Map of French Indochina from the colonial period showing its six subdivisions: Tonkin, Annam, Cochinchine, Cambodge, Laos and Kwangchow Wan. Source: Wikipedia.
Although the land on and near the delta was given to French colons, the sharecropping system utilized in Cochinchina did not work in Tonkin. This was because Vietnamese farmers in Tonkin lacked the motivation to become sharecroppers, and those who found their land under French control remained non-compliant in resistance. Therefore, land in Tonkin remained highly parceled under the French, and the majority of its rural inhabitants were subsistence farmers who relied on smaller plots of land for food. In addition to attempting to change the land parcelization of Tonkin, French authorities found the Nguyen administration’s hydraulic management lacking. As mentioned before, the system of dikes and canals in Tonkin represented centuries’ worth of attempts to control the Red River’s frequent floods. The condition of the dikes was especially crucial to preventing floods that would destroy harvests and devastate millions of Vietnamese farmers. The French began to dike the Red River Delta in 1923. While both Vietnamese and French constructed dikes were constantly widened and raised, the materials that were used left dikes vulnerable to erosion. They could break or be breached if floodwaters rose high enough or flowed fast enough. A similar situation occurred in the case of irrigation canals, crucial for alleviating famine caused by droughts. Periodical famines caused by the flood and drought cycle led the French to consider an unprecedented delta-wide management program. As in Tonkin, central Vietnam, known to the French as Annam, was designated as a protectorate. It was the last of the three regions of Vietnam to be incorporated fully into the French empire, remaining a rump state until resistance from royalist forces encouraged French forces to conquer the region fully. Though Annam and Tonkin were considered parts of French Indochina, they were nominally ruled by the Nguyen court from Hue, although real power lay in the hands of the French resident. This meant that the civil service in the protectorates remained in the hands of the Confucian scholar-officials. Vietnamese law remained in place, and the typical structures of Vietnamese rural life, such as the village, remained intact. The preservation of traditional social networks would prove crucial in the next decades, as Vietnamese leaders relied on community organizations to resist the colonial regime.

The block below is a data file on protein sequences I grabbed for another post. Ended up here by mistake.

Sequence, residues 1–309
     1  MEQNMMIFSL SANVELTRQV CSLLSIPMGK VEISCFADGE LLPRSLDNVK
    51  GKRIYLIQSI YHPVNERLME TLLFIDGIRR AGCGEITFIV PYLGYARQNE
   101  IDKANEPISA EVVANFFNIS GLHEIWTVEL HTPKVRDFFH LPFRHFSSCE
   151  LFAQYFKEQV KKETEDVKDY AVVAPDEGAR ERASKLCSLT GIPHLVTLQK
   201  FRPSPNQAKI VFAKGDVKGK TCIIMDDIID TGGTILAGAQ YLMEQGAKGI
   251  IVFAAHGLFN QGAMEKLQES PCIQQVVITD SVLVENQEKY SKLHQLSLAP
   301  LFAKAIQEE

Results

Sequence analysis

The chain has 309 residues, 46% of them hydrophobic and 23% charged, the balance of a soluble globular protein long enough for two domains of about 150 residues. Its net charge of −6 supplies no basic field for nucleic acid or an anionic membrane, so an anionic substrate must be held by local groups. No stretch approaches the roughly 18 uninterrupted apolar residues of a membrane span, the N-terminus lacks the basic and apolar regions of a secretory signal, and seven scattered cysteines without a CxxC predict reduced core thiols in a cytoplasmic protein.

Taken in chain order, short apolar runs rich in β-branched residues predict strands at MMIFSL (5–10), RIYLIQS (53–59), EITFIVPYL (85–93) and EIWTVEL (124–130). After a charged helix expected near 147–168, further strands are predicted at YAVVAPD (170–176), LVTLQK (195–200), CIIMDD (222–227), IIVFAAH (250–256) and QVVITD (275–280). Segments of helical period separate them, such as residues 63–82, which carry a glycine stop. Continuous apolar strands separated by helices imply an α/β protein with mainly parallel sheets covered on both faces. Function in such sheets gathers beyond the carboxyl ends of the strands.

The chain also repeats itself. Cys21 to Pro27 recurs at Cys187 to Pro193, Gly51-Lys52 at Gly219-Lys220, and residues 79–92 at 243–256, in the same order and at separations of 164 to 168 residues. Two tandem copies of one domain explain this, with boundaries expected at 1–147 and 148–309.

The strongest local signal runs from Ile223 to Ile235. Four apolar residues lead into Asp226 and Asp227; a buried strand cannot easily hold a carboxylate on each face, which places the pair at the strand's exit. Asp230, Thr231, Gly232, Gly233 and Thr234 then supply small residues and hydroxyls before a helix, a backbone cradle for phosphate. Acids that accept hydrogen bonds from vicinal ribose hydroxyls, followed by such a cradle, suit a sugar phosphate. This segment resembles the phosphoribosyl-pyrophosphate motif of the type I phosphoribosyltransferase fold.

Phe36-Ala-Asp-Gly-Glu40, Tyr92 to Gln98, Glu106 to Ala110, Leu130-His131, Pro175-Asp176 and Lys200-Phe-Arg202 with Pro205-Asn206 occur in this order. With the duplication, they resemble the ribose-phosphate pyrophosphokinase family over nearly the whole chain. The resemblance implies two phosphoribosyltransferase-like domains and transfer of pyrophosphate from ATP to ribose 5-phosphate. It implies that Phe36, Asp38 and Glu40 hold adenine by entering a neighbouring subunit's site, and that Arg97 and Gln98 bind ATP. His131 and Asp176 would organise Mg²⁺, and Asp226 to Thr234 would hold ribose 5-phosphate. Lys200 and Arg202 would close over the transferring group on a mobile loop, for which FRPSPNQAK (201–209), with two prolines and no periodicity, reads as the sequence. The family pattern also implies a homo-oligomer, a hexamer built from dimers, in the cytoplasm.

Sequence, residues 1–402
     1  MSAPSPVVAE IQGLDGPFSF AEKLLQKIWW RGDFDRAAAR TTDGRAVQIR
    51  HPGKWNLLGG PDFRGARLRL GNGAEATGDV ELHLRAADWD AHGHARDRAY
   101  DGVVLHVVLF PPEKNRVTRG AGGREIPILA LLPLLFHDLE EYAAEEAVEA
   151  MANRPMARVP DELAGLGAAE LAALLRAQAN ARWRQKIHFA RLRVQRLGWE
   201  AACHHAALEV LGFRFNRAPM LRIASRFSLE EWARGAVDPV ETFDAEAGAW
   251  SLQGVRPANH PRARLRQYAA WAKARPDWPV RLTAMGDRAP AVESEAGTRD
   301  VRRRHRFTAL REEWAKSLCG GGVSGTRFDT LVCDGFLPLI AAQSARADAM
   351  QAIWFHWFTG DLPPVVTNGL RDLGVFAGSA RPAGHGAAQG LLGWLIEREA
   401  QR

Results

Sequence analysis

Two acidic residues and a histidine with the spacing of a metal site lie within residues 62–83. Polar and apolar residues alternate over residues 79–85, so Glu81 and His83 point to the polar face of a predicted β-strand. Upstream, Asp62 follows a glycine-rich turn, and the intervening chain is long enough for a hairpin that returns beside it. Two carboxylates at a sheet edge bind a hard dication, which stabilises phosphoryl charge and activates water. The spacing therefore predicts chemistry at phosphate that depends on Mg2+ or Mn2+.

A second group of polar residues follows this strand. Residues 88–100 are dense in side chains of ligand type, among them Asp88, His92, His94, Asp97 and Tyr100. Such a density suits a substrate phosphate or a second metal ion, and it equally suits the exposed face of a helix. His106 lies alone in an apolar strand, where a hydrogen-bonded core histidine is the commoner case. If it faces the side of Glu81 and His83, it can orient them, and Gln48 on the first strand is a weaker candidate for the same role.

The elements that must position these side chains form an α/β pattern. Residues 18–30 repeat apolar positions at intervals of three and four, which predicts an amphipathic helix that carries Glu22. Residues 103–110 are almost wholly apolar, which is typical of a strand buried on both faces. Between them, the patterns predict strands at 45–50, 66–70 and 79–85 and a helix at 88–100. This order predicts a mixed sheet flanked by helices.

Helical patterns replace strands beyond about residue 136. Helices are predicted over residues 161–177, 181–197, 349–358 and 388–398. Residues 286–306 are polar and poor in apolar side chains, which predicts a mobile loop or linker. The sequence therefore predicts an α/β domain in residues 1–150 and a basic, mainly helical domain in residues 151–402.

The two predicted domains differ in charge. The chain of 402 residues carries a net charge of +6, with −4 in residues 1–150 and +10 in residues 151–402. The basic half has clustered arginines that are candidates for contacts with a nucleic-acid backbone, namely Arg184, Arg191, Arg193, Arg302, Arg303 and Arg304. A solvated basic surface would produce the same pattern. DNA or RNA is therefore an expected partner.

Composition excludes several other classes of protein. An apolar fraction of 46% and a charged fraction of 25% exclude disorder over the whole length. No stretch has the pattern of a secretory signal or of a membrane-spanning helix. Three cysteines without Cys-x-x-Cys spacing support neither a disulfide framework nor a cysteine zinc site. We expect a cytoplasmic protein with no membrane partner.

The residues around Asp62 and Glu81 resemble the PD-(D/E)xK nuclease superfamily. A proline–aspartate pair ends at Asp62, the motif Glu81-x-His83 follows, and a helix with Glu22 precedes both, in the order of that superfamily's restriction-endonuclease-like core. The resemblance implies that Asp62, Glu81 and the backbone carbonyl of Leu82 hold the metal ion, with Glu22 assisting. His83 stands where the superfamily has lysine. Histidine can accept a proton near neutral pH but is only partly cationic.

Rice and Revolution The Great Famine of Vietnam during World War II, 1944-1945
The Second World War is often associated with vast military casualties, but most do not associate how the war shifted the flow of goods and resources necessary for life, killing millions through malnutrition, starvation, and related disease. Among the famines of the Second World War, the Great Famine of Vietnam (1944-1945) remains little known outside of Vietnam, especially compared to its contemporaries in Bengal, Henan, and the Soviet Union. Though natural disasters catalyzed the famine, the scope of the famine was exacerbated by the brutal French extraction of resources in northern Vietnam, on the command of the Japanese military.
However, the famine's seeds were sown long before the disaster, with the arrival of the French in the Mekong Delta and their subsequent colonization of Dai Viet. Over half a century of repeated economic exploitation from French colonialism led to the poverty of farmers in the already overpopulated Red River Delta. This inspired years of physical and then intellectual resistance against the French colonial government, eventually leading to the rise of communism in French Indochina and the rise of Ho Chi Minh. When the Second World War broke, and France fell to the Germans in 1940, the new Vichy government took control of French Indochina. They signed "Rice Accords" with Imperial Japan, promising up to a million tons of rice and hundreds of thousands of tons of other non-staple crops every year. This led to five years of intense, severe hardship for the peasants of Vietnam, and all it took were natural disasters in 1944 and 1945 for famine to break out. Meanwhile, the Viet Minh, under the leadership of Ho Chi Minh, slowly expanded their network of cadres across Vietnam during the war years and gained support from numerous Vietnamese peasants eager to end their suffering. The relationship between the Viet Minh, the Japanese, and the Vichy French came to a head among the famine years, exploding in 1945-- the year of two coups.
"Rice and Revolution: The Great Famine of Vietnam, 1944-1945" chronicles the famine, placing it in its greater historical context of colonialism and the Second World War. Through analyzing the English language literature on the subject and utilizing primary sources, it aims to elucidate and evaluate this tragic event.